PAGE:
“Enjoying the beautiful sun, on roller blades, rather than all that snow with sleds, are left: Destiny Cusson, 10-years-old and Meghan Lowrey, 10-years-old, on the right. (Lake News, Jan. 15, 1997.)

“Enjoying the beautiful sun, on roller blades, rather than all that snow with sleds, are left: Destiny Cusson, 10-years-old and Meghan Lowrey, 10-years-old, on the right. (Lake News, Jan. 15, 1997.)

Flashback: Cutting costs, bus crash, assessment protests

A look back into the history of the Cowichan Lake area

Welcome to Lake Flashback. Reporter Sarah Simpson has been combing through old newspapers with the assistance of the Kaatza Station Museum and Archives so we can jog your memory, give you that nostalgic feeling, or just a chuckle, as we take a look at what was making headlines this week around Cowichan Lake in years gone by.

This week around the Cowichan Lake area…

10 years ago

“Town revamps its garbage schedule for the winter months” was the headline of the day this week back in 2012. The Lake Cowichan Gazette reported the town’s reduction of garbage collection in the winter to cut costs.

“Between January and March, garbage pickup will happen only once every two weeks, instead of once a week as it was previously. ‘It’s a good initiative because our garbage costs are astronomical. We would like to cut the weekly pickups down as much as possible,’ said Mayor Ross Forrest.

“Forrest and Town Council devised the cost-saving initiative this past fall. The approach is designed to lessen the annual costs of waste management in the community, while also promoting a greener lifestyle amongst its citizens. ‘The purpose of it is two-fold. For one, it’s there to save money and second we need to meet some goals with greenhouse gas emissions. If you have the garbage truck off the road more often that will help,’ said Forrest.”

Also a decade ago, a crazy crash all due to a lost living room chair.

“On Jan. 13 North Cowichan and Duncan RCMP responded to a collision between a passenger vehicle and transit bus on Highway 18 near Tansor Road. Upon arrival, police discovered the bus on its side in a ditch adjacent to the east bound lane of Highway 18. The passenger SUV vehicle was found to have significant front end damage and was in flames in the middle of the highway.

“All five SUV passengers escaped the vehicle before it caught [fire]. The fire was quickly extinguished… RCMP noticed that a living room chair had been left in the middle of highway at the scene. According to information provided by parties involved, the SUV driver attempted to avoid the chair in the west bound lane. The driver guided his vehicle onto the shoulder but upon steering back onto the highway lost control of his vehicle and slammed into the side of the oncoming east bound bus. The collision caused the bus to move off the highway into the ditch where a steep embankment put the bus on its side.”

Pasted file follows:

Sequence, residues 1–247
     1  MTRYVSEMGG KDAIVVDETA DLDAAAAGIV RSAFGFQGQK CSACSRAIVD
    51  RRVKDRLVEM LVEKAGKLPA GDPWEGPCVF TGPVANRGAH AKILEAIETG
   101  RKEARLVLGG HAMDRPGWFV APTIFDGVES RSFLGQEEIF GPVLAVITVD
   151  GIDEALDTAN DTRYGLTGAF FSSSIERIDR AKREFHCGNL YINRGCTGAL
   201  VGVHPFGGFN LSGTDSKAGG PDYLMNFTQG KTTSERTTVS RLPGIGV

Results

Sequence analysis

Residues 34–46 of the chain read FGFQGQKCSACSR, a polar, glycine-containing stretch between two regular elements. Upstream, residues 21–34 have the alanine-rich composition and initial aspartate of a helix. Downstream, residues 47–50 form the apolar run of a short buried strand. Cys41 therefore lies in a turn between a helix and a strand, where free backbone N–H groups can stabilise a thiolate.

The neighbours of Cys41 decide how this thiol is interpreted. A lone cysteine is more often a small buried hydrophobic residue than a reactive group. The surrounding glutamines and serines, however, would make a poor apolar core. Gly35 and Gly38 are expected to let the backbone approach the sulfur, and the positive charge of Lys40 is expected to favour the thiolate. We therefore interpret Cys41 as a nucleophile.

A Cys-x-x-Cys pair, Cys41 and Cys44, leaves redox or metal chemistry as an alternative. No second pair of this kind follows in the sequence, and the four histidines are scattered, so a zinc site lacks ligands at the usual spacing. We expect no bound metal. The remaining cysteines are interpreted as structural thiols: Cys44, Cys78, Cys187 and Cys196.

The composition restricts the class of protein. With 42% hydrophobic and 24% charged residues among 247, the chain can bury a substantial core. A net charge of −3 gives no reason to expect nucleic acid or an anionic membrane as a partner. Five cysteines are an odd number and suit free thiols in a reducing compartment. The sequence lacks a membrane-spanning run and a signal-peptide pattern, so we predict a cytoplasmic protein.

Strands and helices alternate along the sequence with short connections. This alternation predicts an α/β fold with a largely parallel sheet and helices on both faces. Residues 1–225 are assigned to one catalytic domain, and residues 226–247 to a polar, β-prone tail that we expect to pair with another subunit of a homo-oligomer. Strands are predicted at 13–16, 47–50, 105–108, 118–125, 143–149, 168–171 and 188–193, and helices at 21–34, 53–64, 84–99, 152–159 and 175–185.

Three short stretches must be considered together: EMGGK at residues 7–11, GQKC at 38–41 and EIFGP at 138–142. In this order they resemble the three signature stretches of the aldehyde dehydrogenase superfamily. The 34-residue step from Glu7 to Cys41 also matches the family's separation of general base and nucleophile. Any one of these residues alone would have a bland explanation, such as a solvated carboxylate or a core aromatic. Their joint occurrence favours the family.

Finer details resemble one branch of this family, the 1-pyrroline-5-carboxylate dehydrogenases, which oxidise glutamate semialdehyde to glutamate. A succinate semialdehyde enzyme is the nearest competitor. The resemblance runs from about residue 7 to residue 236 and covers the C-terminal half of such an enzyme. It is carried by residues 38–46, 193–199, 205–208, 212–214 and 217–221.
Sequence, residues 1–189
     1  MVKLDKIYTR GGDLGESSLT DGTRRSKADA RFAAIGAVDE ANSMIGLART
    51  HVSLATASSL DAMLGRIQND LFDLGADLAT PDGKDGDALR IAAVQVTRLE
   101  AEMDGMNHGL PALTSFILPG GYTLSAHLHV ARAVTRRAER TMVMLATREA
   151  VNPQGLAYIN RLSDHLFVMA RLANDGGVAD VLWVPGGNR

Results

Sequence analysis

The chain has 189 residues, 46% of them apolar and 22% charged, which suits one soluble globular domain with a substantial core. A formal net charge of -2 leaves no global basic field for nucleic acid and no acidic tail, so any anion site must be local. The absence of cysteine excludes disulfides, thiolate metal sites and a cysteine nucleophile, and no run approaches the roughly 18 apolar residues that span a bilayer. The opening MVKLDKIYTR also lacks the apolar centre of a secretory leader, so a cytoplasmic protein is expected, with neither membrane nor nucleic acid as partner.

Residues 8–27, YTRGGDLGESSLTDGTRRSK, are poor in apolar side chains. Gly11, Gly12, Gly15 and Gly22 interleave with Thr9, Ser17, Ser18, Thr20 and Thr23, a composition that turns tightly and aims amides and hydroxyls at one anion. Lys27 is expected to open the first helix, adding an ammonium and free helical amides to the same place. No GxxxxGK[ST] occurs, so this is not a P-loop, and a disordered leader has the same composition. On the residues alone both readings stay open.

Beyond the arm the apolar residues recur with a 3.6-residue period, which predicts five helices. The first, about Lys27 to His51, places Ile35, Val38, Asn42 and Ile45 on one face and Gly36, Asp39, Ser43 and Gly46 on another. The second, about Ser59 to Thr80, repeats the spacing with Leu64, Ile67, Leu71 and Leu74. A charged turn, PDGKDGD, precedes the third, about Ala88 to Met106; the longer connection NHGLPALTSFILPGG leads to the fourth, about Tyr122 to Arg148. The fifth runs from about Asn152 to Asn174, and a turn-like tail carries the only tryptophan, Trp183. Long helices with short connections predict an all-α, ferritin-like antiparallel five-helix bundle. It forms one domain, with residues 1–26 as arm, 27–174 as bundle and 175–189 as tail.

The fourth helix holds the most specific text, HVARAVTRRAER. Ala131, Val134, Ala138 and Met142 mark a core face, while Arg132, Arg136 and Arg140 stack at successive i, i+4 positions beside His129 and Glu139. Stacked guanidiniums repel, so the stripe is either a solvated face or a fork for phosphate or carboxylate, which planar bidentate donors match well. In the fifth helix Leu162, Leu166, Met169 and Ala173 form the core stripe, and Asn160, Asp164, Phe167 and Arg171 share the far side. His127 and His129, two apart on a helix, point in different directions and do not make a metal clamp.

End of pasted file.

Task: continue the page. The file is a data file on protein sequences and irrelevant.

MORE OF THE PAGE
25 years ago

It seems this time of year is all about budgets in the newspaper. The Lake News of Jan. 15, 1997 reported “Budget talks are looking up” and I suppose that could mean different things to whoever was doing the looking.

Unfortunately for taxpayers, it meant the tax hike was increasing.

Susan Lowe reported:

“There are preliminary indications coming from the provisional budget talks held by the Town that there may be an across the board increase in the Town’s budget for ‘97, which may result in higher taxes.”

Sounds like every year, am I right?

Also 25 years ago, it was finally the aftermath of the Blizzard of ‘96, that really left it’s mark on the early days of ‘97.

“The recent storm, which is only memory for most now, may have caused undetermined damage to the environment, of which the extent may never be known,” wrote Lowe. “It would appear that when raw sewage backed up, which it did, its only escape was down the storm drain which empties into the Cowichan River. On New Year’s Eve, at least two buildings in the Lake Cowichan area had the sewer back up into the premises, resulting in raw sewage coming up through the toilet, flowing onto the floor.”

Pastor Henry Washington said he personally saw the raw sewage flow down the storm drain and it ‘was flowing like a stream in the spring.’”

40 years ago

And finally, a story from the Jan. 20, 1982 Lake News that could well run today.

“100 here protest assessments” was the headline on the front page. It seems like 2022 isn’t the only year assessments have increased exorbitantly!

“Cowichan Lake area residents have joined a storm of protest over increases in property assessments. Amid fears that taxes will skyrocket as property values appear to have done, many homeowners have asked for revisions of their assessments.

“Out of 900 appeals lodged by Cowichan Valley residents — which is three times last year’s total of 300 — about 100 have come from the Cowichan Lake area.”

Assessments and taxes weren’t the only things rising.

“The annual fire protection rate paid by residents outside the village of Lake Cowichan fire department will double in 1982,” said a front page story.

“Lake Cowichan village council decided at its Jan. 12 meeting that areas outside the village limits should pay one third of the cost of fire protection for the Lake Cowichan district.”

Village clerk Pat Akerley “suggested that council might want to charge the outside areas for only 25 per cent instead of 33 per cent because the distances from the village might mean the fire department would be later arriving at a fire. Ald. Roger Hamilton disagreed with this idea.

“‘They’ve been getting a discount,’ he said, adding ‘It’s not our problem they all live 20 miles from the fire hall.’”


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